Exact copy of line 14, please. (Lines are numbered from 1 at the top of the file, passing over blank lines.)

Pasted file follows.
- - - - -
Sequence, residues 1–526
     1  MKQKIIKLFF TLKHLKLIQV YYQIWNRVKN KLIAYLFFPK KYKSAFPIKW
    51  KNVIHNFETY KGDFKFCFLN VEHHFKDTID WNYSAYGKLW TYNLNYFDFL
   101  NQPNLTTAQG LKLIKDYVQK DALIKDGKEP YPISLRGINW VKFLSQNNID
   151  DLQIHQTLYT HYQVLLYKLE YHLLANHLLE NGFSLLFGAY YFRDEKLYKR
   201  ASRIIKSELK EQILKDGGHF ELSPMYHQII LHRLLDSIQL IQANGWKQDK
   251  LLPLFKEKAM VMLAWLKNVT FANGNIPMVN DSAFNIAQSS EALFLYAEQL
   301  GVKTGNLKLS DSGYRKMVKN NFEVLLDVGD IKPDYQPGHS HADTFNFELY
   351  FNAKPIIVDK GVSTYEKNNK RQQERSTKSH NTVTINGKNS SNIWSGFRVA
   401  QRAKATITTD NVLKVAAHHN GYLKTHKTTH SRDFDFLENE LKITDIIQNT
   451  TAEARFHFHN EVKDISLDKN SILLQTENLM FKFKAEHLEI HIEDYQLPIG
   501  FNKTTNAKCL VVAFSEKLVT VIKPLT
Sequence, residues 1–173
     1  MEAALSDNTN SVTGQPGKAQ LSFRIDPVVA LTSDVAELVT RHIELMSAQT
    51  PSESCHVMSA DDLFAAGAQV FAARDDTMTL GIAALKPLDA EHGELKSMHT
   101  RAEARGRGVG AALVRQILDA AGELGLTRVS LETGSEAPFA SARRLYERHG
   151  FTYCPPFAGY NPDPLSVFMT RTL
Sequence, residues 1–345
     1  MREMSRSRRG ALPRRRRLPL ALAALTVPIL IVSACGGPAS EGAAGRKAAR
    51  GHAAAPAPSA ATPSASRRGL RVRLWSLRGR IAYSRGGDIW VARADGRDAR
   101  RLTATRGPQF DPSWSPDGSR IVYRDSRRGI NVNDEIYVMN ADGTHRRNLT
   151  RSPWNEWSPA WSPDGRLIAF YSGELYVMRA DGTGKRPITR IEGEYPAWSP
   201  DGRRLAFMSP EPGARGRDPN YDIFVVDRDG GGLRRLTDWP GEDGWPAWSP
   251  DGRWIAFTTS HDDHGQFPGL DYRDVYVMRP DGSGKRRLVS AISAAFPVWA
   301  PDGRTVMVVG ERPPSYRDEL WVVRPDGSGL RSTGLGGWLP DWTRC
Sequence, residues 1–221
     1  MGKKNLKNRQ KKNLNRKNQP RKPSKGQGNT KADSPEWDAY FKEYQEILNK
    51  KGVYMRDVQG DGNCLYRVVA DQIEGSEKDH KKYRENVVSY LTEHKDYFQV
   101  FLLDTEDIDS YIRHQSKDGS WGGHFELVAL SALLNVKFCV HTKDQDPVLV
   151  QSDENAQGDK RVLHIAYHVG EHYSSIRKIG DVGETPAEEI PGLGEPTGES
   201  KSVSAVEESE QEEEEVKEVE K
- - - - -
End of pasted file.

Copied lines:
     1  MEAALSDNTN SVTGQPGKAQ LSFRIDPVVA LTSDVAELVT RHIELMSAQT